Lifelong interest steers career

Social Sciences

- Anne MacLaurin

Vanier Scholar, Sybil Goulet-Stock
Vanier Scholar, Sybil Goulet-Stock (photo supplied).

Sybil Goulet-Stock, a Vanier scholar and psychology doctoral researcher, didn’t just stumble into the world of substance use research—her journey began with a personal revelation.

I applied for my first research position in the field of substance use and addictions research after a friend confided his struggle with opiates.”

— Sybil Goulet-Stock, Vanier scholar

What began as a personal interest in substance use and addictions research became a professional interest for Goulet-Stock. She aspires to work in an environment that facilitates collaboration and knowledge exchange between interdisciplinary graduate students, faculty and researchers.

“Due to its international reputation, I chose to pursue a graduate degree specializing in substance use research at UVic's Canadian Institute for Substance Use Research,” says Goulet-Stock, who will examine alcohol use in Canada and the impact of mandatory health warning labels on products.

Under the guidance of Dr. Tim Stockwell, the former director of UVic's Canadian Institute for Substance Use Research, her doctoral program encompasses two studies.

Recently, Canada’s Low-Risk Alcohol Drinking Guidelines (LRDGs) were updated to reflect new evidence of the risks of alcohol use—a central recommendation is mandatory health warning labels.

In my first study, I will evaluate novel alcohol warning labels (AWLs) that are consistent with the LRDGs, which will generate timely evidence on AWLs that may inform evidence-based policy reform across Canada."

— Sybil Goulet-Stock

In the second study Goulet-Stock will examine patterns of alcohol and cannabis use, and the associated harms in unstably housed individuals with severe alcohol use disorders who are engaged in novel cannabis substitution programs. The study will generate important evidence on whether cannabis substitution for alcohol use can reduce harm, which will inform alcohol harm reduction approaches for vulnerable Canadians.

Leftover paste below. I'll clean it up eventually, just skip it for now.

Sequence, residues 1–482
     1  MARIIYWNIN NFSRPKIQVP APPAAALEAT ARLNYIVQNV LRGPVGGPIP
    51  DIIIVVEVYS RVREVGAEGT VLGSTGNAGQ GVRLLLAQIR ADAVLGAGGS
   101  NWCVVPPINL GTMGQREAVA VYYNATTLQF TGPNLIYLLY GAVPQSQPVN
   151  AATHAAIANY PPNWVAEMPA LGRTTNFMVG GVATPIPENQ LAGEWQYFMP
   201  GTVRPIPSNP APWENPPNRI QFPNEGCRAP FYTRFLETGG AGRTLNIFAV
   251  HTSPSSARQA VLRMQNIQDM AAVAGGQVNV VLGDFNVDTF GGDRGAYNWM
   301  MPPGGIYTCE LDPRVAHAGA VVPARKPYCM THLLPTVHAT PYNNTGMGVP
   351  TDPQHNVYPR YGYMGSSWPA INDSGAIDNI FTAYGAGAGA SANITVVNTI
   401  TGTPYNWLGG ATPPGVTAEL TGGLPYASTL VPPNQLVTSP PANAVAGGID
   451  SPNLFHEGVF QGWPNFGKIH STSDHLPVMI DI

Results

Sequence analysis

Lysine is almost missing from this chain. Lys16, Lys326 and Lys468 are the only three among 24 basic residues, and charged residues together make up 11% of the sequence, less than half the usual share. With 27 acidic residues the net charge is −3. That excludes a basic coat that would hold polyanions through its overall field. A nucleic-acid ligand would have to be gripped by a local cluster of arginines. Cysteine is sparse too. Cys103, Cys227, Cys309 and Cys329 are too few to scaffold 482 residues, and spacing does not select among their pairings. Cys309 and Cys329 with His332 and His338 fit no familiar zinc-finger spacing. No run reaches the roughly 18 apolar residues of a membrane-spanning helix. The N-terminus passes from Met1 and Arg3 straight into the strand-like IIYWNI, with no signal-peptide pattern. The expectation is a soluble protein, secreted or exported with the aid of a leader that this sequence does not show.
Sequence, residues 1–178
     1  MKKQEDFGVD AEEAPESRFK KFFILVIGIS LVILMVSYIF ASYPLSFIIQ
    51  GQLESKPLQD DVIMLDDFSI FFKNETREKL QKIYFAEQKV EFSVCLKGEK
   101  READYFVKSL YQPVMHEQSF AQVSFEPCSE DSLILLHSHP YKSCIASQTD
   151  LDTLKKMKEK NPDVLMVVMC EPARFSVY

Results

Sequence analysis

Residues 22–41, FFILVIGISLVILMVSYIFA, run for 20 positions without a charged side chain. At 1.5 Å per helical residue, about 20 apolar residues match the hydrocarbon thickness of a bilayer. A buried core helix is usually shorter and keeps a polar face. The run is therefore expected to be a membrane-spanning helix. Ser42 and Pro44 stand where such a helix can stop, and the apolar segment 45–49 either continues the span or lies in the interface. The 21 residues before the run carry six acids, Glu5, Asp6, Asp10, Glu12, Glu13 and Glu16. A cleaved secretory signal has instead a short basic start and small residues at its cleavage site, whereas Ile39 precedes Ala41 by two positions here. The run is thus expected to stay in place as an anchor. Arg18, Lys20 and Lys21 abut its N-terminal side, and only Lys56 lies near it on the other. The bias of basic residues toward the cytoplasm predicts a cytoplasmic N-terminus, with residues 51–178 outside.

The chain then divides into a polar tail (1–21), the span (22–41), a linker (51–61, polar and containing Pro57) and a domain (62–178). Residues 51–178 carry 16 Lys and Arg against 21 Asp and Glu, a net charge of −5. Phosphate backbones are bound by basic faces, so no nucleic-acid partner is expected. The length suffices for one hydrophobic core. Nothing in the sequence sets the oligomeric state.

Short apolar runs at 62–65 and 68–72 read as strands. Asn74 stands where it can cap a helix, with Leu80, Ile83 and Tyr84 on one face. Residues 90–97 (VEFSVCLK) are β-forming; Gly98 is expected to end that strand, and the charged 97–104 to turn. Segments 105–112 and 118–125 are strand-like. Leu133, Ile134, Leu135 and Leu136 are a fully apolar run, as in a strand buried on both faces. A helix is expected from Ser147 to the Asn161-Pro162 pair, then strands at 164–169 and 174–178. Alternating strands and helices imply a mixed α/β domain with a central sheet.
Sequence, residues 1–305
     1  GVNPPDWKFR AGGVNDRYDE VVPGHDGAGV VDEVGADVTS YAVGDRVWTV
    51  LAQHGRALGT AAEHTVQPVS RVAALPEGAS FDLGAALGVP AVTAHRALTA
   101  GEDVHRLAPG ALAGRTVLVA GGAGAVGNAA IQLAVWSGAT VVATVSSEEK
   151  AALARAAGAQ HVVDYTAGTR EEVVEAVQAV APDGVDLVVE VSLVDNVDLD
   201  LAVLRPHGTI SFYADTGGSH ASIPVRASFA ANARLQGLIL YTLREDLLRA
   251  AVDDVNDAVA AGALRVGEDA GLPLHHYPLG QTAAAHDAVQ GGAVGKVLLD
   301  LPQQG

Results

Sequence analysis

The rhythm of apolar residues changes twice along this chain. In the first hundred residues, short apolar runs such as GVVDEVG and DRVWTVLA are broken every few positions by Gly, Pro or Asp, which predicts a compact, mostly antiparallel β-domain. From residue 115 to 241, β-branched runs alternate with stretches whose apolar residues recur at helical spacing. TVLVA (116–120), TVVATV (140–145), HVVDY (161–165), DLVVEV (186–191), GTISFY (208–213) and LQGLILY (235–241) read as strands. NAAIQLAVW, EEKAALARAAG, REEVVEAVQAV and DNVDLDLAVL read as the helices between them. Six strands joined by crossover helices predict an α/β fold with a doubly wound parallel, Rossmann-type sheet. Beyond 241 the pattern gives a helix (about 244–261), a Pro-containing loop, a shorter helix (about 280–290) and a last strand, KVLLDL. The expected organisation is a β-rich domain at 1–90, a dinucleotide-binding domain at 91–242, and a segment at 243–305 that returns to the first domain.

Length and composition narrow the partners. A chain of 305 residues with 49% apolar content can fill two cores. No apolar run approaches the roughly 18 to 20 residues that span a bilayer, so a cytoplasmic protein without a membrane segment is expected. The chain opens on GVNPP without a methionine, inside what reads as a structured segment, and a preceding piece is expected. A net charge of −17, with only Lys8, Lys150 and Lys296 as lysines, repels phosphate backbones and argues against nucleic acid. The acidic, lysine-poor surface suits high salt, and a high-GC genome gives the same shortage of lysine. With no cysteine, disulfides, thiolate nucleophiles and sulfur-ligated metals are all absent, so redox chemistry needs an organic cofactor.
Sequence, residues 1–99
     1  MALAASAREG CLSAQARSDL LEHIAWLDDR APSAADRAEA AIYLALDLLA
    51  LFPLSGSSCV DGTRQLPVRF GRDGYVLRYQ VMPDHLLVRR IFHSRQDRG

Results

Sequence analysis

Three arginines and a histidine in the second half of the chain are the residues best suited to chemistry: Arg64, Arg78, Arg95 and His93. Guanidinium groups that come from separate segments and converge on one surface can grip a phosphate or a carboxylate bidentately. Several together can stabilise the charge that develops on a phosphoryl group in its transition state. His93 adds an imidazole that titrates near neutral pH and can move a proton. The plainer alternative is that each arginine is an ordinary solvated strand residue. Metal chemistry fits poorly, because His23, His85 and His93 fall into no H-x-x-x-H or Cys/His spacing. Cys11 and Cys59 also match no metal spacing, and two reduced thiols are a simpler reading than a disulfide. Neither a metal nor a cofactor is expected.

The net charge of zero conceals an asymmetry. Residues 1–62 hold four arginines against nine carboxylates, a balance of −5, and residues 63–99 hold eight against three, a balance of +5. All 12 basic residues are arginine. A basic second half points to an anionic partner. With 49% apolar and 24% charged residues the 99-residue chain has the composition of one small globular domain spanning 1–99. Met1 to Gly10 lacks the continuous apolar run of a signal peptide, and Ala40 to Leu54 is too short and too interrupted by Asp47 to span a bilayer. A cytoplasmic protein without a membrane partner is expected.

Our research partners include four community programs, one of which is an Indigenous-led program that has introduced cannabis in a culturally situated manner." 

— Sybil Goulet-Stock

She explains how the study will also produce guidance to Indigenous communities for the introduction of cannabis in relation to alcohol harm reduction.

Together with the Canadian Managed Alcohol Program Study (CMAPS) team, Goulet-Stock is currently developing a tool to standardize cannabis units—like the standard drink—which will allow for comparisons of cannabis consumption across various ingestion methods and will help cannabis users better understand their own consumption patterns.

My future goal is to become an independent researcher in an academic or policy-oriented setting dedicated to research and knowledge exchange around substance use, addiction, harm reduction and policy.”

— Sybil Goulet-Stock

She completed her undergraduate degree in Anatomy and Cell Biology with a minor in Neuroscience at McGill University. After finishing an Honours Psychology at Mount Allison University, Goulet-Stock pursued a graduate degree specializing in substance use research at UVic. She also completed two years as the graduate student representative on the Human Research Ethics Board at UVic.


In this story

Keywords: community, research, addiction, psychology, alcohol

People: Sybil Goulet-Stock

Related stories